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7.2: Crystalloids

  • Page ID
    11259
  • Why use crystalloids?

    The advantages of crystalloid solutions are:

    • inexpensive
    • easy to store with long shelf life
    • readily available
    • very low incidence of adverse reactions
    • a variety of formulations are available
    • effective for use as replacement fluids or maintenance fluids
    • no special compatibility testing is required.
    • no religious objections to their use

    In essence they are cheap and effective and don't cause adverse reactions.

    Crystalloids solutions are classified into three groups based on their predominant use. The contents of the various solutions are listed in the table below.

    Replacement Solutions


    These solutions are used to replace ECF. They are all isotonic. The key factor is that these solutions have a [Na+] similar to that of the extracellular fluid which effectively limits their fluid distribution to the ECF. The fluid distributes between the ISF and the plasma in proportion to their volumes. Intracellular fluid volume does not change. If used to replace blood loss, 3 to 4 times the volume lost must be administered as only 1/3 to 1/4 remains intravascularly. In healthy adults with a normal initial haemoglobin level, up to 20% loss of blood volume (loss of approx 1,000 mls) can be safely replaced with a 3,000-4,000 ml infusion of replacement solution without any adverse effects.

    Hartmann's solution contains lactate as a bicarbonate precursor. The metabolism of lactate in the liver results in production of an equivalent amount of bicarbonate. Similarly, Plasmalyte 148 solution contains acetate and gluconate as bicarbonate precursors. These anions (eg lactate) are the conjugate base to the corresponding acid (eg lactic acid) and do not contribute to development of an acidosis as they are administered with Na+ rather than H+ as the cation.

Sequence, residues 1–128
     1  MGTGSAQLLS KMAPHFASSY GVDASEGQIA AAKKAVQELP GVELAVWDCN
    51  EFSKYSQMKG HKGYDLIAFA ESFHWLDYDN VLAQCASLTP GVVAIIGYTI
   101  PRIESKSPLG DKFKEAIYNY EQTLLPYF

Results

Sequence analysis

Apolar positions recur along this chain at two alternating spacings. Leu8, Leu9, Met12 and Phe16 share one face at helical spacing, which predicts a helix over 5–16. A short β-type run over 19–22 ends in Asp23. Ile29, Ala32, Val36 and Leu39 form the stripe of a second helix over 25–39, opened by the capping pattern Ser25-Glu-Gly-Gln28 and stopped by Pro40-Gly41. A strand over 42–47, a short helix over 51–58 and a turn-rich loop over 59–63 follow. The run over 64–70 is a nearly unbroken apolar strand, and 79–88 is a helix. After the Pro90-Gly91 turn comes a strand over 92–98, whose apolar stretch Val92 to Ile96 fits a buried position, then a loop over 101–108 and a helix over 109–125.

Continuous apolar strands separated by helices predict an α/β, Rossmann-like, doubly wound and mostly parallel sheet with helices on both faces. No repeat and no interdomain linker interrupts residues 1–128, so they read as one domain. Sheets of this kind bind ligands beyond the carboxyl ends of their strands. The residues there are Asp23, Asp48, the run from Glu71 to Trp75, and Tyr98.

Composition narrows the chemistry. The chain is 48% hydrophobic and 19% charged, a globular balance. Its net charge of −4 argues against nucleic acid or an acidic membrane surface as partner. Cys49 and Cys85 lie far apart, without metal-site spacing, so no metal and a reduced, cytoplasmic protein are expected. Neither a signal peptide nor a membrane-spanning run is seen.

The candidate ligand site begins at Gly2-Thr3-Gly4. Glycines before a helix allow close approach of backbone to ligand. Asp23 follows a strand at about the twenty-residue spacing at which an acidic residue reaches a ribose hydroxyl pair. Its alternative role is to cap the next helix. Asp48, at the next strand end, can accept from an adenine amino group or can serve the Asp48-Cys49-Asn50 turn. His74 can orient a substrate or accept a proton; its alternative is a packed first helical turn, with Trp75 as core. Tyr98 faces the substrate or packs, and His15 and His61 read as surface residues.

Maintenance Solutions


    These solutions are used to provide maintenance fluids. They are isosmotic as administered and do not cause haemolysis. Following administration, the glucose is rapidly taken up by cells so the net effect is of administering pure water. Dextrose 5% contains no Na+ so it is distributed throughout the total body water with each compartment receiving fluid in proportion to its contribution to the TBW. (See Section 8.1).

    Some maintenance solutions also have Na+ so they can be prescribed to provide the daily maintenance requirements for water and Na+. Supplemental K+ can be added as required. The normal daily Na+ intake of 1.5 to 2 mmol/kg can be given in this way by appropriate fluid selection. The Na+ content does alter the fluid distribution but this is predictable.

    Hartmann's solution contains Ca2+ and this can cause problems if administered with stored blood. Citrate is the anticoagulant used in stored blood and it works by complexing with and removing Ca2+ from solution. It is possible for the Ca2+ in Hartmann's to cause clotting of blood in the infusion tubing particularly if the blood is given slowly or the tubing contains reservoir areas (eg as in pump sets). For this reason, it has become standard practice to administer normal saline before and after a blood transfusion to prevent blood and Ca2+ mixing in the infusion tubing. Plasmalyte 148 solution contains Mg2+ instead of Ca2+ and can be administered with stored blood without causing this problem.

    Special Solutions


    Some crystalloid solutions used for special purposes are grouped together here, for example:

    • Hypertonic (3%) saline
    • Half normal saline
    • 8.4% Bicarbonate solution
    • Mannitol 20%